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Cobourg Santa Claus Parade loses big supporter

Cecilia Nasmith

By Cecilia Nasmith, Northumberland Today


Cobourg council heard at this week’s committee-of-the-whole meeting that the Cobourg Lions Club must step aside as major sponsor of the annual Santa Claus Parade.

The news came in a letter from parade committee chair Ron Wiebe.

For some years, Wiebe’s letter said, the $10,000 cost of the parade came from three sources: $3,200 from the Lions, $3,500 from the Downtown Business Improvement Area, and the balance from community sponsors and entry fees.

Looking ahead, Wiebe said, the club has two realities it must face.

“The first is that some of our committee members are not representatives of any group and are not insured beyond their own personal policies. The second is that the Lions Club is faced with ever-growing challenges in its ability to continue funding the parade.”

The committee is prepared to disband, Wiebe stated.

“We are hereby requesting that council form a replacement municipal advisory or planning committee for the ongoing planning and implementation of the parade. In addition, we are recommending that the Town of Cobourg assume financial control and adopt an annual budget to ensure the ongoing operation and success of the parade.

“Please consider that existing volunteers on the parade committee would happily consider joining a new planning committee, bringing their experience and expertise as needed. All existing parade branding, website, imagery, documentation, etc. will be handed over to the replacement committee wherever necessary.”

What the town can actually do will be set out in a staff report that council requested.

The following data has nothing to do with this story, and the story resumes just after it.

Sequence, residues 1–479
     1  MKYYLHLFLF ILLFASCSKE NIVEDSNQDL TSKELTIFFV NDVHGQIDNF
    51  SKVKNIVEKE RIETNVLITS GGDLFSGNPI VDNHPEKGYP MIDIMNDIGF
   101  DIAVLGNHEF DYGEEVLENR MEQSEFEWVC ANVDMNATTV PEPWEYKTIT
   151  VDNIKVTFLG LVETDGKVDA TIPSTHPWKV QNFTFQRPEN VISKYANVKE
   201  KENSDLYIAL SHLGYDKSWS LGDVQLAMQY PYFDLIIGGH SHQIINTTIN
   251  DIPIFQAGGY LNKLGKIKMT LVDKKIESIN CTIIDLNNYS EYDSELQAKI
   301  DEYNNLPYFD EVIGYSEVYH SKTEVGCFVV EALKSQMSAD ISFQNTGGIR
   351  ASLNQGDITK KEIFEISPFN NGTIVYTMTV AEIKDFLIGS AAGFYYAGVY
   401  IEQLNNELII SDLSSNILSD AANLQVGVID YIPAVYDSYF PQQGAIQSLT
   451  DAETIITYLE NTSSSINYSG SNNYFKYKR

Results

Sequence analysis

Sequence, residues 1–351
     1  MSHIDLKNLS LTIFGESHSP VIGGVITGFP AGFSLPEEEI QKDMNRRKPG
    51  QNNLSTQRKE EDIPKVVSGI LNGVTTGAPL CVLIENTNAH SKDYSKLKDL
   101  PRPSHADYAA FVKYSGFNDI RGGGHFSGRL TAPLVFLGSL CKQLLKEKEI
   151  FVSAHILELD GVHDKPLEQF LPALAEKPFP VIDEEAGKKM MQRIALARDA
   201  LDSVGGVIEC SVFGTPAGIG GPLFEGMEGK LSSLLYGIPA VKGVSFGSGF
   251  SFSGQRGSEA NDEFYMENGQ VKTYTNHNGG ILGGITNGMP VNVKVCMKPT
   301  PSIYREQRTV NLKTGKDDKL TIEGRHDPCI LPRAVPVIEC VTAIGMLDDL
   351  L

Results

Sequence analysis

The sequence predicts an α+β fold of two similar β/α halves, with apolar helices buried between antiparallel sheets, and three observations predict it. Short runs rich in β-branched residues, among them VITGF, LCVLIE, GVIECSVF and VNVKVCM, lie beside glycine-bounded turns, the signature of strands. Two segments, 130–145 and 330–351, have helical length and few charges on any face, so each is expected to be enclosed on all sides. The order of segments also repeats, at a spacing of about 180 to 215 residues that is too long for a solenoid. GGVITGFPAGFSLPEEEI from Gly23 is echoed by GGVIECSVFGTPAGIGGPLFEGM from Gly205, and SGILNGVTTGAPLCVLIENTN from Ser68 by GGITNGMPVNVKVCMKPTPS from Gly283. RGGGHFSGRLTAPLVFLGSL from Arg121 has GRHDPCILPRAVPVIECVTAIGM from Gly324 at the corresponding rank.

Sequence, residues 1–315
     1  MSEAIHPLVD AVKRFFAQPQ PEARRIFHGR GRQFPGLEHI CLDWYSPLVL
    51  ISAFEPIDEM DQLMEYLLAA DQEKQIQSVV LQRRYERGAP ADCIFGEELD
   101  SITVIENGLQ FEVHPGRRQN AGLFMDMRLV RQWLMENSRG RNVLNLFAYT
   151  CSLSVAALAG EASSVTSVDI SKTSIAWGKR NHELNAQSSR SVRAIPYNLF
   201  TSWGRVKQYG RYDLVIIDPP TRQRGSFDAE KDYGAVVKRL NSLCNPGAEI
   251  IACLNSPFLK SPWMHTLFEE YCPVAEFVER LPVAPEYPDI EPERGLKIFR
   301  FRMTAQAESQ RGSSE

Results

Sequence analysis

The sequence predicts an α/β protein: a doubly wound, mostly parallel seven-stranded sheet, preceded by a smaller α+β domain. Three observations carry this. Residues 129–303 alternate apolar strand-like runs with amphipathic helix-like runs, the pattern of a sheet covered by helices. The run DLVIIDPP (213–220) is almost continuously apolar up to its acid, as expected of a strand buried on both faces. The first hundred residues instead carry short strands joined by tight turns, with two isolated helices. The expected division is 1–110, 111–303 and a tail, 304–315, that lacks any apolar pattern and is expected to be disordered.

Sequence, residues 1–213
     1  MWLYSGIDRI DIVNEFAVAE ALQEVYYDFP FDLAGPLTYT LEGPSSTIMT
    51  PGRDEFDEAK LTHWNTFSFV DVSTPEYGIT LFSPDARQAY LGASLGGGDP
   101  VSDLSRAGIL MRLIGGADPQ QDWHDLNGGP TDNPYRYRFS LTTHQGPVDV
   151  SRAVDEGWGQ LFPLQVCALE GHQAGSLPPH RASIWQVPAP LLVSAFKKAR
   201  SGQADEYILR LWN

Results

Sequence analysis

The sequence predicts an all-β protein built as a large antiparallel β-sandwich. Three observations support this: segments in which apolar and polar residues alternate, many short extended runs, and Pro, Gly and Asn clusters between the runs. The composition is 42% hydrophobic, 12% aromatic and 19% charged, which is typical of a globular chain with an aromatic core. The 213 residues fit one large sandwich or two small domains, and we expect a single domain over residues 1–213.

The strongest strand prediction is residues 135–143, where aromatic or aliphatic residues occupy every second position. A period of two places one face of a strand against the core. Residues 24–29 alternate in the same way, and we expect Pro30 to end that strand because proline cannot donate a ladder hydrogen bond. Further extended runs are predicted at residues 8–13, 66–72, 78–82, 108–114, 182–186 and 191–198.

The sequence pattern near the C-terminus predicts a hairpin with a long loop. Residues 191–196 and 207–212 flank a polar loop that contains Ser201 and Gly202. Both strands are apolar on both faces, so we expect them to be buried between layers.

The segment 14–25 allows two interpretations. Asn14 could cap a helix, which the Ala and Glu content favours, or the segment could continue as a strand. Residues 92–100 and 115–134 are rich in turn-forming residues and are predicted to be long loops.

This could be a tremendous financial impact, coming at a time when the town has already passed it 2017 budget, Councillor Suzanne Seguin noted.

“There needs to be some community engagement and partnerships established,” Councillor Debra McCarthy suggested.

“One of the things we are planning to do is review all the events that occur in the community on a regular basis and provide recommendations on what the municipal role should be and the level of our contribution,” director of parks, recreation, culture and tourism Dean Hustwick said.

Hustwick cited the example of one town staffer who contributes enormous amounts of time to many different events.

“The capacity of the organization is really getting stretched,” Hustwick stated.

“Finding a solution will take some time and discussion.”

In her previous council portfolio of community services, McCarthy worked closely with the DBIA, in support of what she termed “a huge and beloved event.” She advised council that planning for the parade must begin well in advance of its November date, especially when it comes to booking the bands.

“The $3,500 is the least of our concerns — we have drawn from contingency funds in the past for important projects,” Mayor Gil Brocanier stated.

“The important thing is, we have to make a decision as soon as possible, so we can proceed with the planning.”